We are working closely with the Vietnamese Government and it is taking a series of actions to prepare against the threat. We at WHO national and regional offices are very impressed. For example, the Government has issued a precautional decree asking all hospitals and laboratories to intensify their surveillance system and all health-care facilities to make sure they have basic infection-control kits stockpiles. It has also instructed the two national laboratories to set up diagnosis systems.

WHO also monitors H5N1 infection closely in Viet Nam. Again, it is rare and sporadically occurs. Where there is H5N1 circulating, most of human victims have had direct or indirect exposure with the virus in their poultry. It is a norm that H5N1 exists in Southeast-Asia, including Viet Nam. Unfortunately, we can't completely control it.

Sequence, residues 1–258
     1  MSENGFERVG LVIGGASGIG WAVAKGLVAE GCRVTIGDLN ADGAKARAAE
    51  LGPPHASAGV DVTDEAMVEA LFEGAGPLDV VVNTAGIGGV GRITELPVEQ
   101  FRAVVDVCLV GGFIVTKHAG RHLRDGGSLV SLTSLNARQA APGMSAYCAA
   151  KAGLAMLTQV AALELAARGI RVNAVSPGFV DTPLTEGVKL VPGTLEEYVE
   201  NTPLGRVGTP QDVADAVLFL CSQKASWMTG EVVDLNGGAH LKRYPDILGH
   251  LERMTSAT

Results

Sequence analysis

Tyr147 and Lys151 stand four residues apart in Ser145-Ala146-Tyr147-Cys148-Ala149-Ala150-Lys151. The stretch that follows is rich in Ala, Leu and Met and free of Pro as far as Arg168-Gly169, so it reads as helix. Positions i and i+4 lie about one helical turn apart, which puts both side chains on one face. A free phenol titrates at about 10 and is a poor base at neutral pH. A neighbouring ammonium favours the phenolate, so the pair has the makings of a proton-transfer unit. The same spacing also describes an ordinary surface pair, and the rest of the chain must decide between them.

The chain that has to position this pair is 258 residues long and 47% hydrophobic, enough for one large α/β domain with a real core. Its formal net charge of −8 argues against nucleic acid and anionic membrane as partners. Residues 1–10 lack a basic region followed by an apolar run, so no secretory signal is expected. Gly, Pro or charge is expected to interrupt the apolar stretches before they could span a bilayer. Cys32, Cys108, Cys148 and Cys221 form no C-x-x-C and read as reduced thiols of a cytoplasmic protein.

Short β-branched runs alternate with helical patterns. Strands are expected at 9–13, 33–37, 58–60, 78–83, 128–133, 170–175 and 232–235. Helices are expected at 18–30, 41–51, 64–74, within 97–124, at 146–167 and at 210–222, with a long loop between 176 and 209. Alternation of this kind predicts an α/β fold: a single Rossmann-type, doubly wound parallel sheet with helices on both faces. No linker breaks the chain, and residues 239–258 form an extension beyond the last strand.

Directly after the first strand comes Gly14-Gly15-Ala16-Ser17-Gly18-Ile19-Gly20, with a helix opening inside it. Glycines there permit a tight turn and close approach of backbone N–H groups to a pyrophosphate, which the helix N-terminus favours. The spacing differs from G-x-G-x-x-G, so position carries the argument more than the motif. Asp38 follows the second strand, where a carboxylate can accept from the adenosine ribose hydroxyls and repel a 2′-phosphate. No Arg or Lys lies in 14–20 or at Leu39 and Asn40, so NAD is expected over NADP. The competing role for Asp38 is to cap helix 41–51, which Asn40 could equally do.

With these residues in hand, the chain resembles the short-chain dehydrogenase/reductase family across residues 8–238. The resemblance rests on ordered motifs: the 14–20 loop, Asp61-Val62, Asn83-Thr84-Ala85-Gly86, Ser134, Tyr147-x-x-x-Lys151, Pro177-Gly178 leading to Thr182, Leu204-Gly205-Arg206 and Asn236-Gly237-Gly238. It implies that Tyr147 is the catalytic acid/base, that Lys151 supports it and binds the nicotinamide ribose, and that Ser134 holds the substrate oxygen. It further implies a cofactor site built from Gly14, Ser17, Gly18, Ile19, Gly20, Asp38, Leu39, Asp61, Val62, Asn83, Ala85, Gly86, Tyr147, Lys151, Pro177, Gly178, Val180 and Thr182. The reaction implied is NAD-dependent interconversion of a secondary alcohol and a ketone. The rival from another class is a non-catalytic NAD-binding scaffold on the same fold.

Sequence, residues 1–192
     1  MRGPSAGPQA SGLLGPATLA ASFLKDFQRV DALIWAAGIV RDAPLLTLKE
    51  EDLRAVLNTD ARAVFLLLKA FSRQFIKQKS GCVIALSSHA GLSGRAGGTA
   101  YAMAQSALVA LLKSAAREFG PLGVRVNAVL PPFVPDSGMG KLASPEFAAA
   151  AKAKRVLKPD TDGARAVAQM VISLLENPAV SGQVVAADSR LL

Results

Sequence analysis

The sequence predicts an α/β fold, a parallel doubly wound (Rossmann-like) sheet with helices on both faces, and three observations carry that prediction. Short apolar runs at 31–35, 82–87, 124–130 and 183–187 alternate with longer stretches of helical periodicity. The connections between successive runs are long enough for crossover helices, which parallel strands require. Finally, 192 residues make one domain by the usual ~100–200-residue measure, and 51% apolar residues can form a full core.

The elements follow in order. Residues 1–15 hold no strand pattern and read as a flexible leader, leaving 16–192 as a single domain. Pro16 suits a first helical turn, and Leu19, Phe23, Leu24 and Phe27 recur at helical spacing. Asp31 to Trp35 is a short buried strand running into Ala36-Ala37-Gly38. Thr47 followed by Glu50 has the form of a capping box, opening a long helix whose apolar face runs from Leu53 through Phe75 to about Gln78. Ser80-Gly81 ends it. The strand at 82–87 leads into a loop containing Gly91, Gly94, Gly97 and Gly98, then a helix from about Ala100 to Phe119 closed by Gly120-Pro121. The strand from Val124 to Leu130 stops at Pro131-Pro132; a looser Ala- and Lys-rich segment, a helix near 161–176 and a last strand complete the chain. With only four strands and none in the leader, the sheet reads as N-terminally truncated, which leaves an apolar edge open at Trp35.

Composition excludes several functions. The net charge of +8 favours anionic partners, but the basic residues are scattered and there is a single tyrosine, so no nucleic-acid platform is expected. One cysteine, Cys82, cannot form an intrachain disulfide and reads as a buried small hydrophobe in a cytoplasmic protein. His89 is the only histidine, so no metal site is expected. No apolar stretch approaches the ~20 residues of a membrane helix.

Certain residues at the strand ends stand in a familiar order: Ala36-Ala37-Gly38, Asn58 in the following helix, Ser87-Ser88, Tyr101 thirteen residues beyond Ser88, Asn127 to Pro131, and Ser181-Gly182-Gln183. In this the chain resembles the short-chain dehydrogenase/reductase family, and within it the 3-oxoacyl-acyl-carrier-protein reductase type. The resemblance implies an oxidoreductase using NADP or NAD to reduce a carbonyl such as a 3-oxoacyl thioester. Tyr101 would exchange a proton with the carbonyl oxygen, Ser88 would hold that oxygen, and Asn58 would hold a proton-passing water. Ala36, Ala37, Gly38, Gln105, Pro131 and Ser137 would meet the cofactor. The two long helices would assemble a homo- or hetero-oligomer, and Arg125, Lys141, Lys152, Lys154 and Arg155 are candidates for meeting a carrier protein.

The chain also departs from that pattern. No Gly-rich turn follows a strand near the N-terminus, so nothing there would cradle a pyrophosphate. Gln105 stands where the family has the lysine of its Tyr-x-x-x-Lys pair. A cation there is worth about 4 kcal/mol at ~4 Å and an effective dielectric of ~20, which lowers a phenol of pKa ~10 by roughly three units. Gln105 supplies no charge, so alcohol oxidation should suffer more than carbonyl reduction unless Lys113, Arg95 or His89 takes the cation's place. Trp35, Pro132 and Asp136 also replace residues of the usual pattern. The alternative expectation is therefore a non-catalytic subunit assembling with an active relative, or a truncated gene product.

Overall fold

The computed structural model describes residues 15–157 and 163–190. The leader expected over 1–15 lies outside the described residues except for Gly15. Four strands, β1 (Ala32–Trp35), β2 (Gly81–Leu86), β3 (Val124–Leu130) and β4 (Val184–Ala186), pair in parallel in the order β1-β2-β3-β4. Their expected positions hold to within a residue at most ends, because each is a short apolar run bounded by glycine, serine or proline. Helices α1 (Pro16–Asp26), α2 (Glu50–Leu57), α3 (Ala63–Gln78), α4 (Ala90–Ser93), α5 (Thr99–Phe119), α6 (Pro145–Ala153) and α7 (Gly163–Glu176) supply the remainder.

The good news is if we take simple precaution measures, we can minimise the risk to a large extent. Those measures are: do not to touch sick poultry; report all found sick or dead poultry to authorities; wash hands thoroughly after touching infected birds. You do not have to be worried what to eat, but the important thing is to cook it well to kill the virus.

We also hear that another variety of flu, H1N1, is circulating these days. H1N1 is a different category because it is a human virus which means it can be transmitted from one person to another. Luckily for us, it is a very mild virus and can be controlled by existing drugs.

International co-operation is crucial to control influenza in particular and infectious diseases in general. The huge volume of people on the move means that the virus, bacteria or whatever can easily cross borders.